It is an honor to address the Pacific Dermatologic Society as its President. This address is factual, rather than philosophical and presents material which we hope is unfamiliar to most of you.
Most men worry about any unexplained lesion appearing in the region of their genitalia, particularly the penis. The sudden appearance therefore (Fig. 1) of a firm, curved, wormlike, translucent lesion, having the diameter of a normal vas deferens, almost encircling the penis, is apt to cause concern.
The original description by Hoffman1 referred to this as "Simulation of primary syphilis by gonorrheal lymphangitis (gonorrheal pseudo chancre)." Later the same author2 referred to this as "Non venereal plastic lymphangitis of the coronary sulcus of the penis with circumscribed edema." The nonvenereal nature of this condition has been adhered to in subsequent reports.3,4 Descriptively these have been referred to as "circular lymphangitis of the coronary sulcus,"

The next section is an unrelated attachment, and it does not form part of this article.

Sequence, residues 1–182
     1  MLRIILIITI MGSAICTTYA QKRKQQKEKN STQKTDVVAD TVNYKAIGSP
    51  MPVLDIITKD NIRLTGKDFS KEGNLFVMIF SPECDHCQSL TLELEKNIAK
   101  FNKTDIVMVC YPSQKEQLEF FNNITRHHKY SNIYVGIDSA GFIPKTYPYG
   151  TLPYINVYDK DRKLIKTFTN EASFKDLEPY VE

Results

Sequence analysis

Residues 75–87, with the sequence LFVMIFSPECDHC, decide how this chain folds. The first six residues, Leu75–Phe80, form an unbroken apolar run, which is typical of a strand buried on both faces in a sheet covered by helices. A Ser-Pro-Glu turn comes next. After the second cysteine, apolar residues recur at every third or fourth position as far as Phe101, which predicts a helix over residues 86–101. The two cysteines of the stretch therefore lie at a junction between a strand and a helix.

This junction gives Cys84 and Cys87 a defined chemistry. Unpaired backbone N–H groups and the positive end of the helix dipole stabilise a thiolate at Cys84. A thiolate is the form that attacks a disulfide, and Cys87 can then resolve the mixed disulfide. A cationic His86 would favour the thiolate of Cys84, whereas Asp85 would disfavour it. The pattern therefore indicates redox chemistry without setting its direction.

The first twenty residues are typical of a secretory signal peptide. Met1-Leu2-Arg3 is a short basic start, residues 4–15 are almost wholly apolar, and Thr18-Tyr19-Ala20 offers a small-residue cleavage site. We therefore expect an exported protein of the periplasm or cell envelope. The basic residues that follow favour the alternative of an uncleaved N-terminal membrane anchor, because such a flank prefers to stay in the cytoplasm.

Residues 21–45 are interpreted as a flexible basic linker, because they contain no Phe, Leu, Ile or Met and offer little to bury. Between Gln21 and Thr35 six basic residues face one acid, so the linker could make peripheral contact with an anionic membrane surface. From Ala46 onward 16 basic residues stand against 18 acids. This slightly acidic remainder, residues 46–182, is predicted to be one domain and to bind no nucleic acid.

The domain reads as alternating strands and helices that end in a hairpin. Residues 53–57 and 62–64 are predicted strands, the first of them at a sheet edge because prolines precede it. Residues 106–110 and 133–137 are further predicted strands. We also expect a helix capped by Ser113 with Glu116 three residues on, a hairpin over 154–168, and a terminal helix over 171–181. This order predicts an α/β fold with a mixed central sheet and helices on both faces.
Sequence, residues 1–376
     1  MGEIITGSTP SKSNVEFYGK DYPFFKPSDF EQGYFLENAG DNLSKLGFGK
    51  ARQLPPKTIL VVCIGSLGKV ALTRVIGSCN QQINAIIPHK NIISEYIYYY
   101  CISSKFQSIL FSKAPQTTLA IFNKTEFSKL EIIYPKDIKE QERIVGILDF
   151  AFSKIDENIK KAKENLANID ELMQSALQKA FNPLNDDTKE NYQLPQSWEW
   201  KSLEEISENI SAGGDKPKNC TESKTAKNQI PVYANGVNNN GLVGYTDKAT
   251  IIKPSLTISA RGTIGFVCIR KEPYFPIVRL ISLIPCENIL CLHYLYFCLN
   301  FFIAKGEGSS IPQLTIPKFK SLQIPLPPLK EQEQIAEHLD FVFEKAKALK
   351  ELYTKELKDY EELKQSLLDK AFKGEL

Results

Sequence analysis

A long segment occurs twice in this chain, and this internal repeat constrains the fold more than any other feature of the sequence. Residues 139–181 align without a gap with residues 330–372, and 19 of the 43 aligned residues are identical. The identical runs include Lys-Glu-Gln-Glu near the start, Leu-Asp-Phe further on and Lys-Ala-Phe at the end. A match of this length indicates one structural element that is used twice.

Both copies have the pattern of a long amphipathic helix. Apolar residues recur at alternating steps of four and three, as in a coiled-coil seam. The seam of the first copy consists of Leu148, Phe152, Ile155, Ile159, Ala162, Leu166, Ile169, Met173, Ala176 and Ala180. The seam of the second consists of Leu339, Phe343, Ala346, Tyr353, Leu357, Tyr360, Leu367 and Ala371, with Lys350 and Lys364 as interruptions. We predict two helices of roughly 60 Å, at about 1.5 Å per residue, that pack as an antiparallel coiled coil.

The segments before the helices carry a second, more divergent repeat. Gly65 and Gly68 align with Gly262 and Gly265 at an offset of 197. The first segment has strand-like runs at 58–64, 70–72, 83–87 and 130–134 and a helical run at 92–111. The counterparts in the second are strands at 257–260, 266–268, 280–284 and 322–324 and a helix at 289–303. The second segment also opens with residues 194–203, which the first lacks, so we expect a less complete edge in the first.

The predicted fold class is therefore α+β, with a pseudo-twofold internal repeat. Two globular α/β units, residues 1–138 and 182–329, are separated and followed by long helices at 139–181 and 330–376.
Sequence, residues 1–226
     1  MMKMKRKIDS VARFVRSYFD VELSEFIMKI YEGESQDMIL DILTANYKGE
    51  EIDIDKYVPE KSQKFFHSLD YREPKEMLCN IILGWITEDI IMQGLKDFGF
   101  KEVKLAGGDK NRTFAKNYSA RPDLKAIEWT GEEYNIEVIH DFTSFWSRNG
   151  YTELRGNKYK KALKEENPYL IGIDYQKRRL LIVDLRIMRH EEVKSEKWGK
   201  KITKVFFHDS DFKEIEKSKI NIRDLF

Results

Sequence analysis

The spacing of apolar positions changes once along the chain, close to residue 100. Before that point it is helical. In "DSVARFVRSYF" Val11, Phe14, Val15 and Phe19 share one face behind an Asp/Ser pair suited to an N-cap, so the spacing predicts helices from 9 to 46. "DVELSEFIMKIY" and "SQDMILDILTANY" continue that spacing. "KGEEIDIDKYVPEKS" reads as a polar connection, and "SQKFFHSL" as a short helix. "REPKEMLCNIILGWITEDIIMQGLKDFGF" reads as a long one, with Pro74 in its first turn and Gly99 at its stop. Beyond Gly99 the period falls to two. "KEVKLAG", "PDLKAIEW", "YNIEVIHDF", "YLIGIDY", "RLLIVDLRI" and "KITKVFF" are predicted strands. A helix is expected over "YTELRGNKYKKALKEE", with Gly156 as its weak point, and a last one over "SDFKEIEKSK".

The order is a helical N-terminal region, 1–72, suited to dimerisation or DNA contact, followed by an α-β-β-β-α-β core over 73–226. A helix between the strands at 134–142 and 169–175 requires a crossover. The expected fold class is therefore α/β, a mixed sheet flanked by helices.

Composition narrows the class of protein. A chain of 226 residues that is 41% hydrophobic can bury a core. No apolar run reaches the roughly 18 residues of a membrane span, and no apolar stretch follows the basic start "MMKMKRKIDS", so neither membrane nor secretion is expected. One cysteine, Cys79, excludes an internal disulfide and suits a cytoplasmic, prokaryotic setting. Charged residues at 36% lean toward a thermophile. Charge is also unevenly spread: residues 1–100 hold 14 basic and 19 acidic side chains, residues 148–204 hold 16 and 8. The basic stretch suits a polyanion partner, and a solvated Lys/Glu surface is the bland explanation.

NICKEL WR, PLUMB RT. Nonvenereal Sclerosing Lymphangitis of Penis. Arch Dermatol. 1962;86(6):761–763. doi:10.1001/archderm.1962.01590120059010
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